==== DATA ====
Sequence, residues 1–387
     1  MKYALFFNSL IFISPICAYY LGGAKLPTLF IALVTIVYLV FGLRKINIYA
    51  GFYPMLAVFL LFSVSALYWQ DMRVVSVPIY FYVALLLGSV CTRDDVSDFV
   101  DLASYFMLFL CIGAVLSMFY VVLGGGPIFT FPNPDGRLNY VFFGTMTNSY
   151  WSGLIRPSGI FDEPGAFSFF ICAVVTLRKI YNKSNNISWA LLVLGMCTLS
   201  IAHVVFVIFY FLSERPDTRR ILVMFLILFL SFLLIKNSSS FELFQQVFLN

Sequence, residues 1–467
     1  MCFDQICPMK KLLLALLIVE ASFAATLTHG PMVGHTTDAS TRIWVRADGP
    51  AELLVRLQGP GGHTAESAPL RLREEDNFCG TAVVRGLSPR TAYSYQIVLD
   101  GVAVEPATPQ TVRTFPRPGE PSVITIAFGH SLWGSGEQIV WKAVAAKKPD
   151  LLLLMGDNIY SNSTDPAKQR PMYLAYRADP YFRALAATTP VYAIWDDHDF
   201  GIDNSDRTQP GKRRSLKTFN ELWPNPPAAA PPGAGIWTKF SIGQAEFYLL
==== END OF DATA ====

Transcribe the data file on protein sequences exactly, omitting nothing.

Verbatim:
Sequence, residues 1–387
     1  MKYALFFNSL IFISPICAYY LGGAKLPTLF IALVTIVYLV FGLRKINIYA
    51  GFYPMLAVFL LFSVSALYWQ DMRVVSVPIY FYVALLLGSV CTRDDVSDFV
   101  DLASYFMLFL CIGAVLSMFY VVLGGGPIFT FPNPDGRLNY VFFGTMTNSY
   151  WSGLIRPSGI FDEPGAFSFF ICAVVTLRKI YNKSNNISWA LLVLGMCTLS
   201  IAHVVFVIFY FLSERPDTRR ILVMFLILFL SFLLIKNSSS FELFQQVFLN

Sequence, residues 1–467
     1  MCFDQICPMK KLLLALLIVE ASFAATLTHG PMVGHTTDAS TRIWVRADGP
    51  AELLVRLQGP GGHTAESAPL RLREEDNFCG TAVVRGLSPR TAYSYQIVLD
   101  GVAVEPATPQ TVRTFPRPGE PSVITIAFGH SLWGSGEQIV WKAVAAKKPD
   151  LLLLMGDNIY SNSTDPAKQR PMYLAYRADP YFRALAATTP VYAIWDDHDF
   201  GIDNSDRTQP GKRRSLKTFN ELWPNPPAAA PPGAGIWTKF SIGQAEFYLL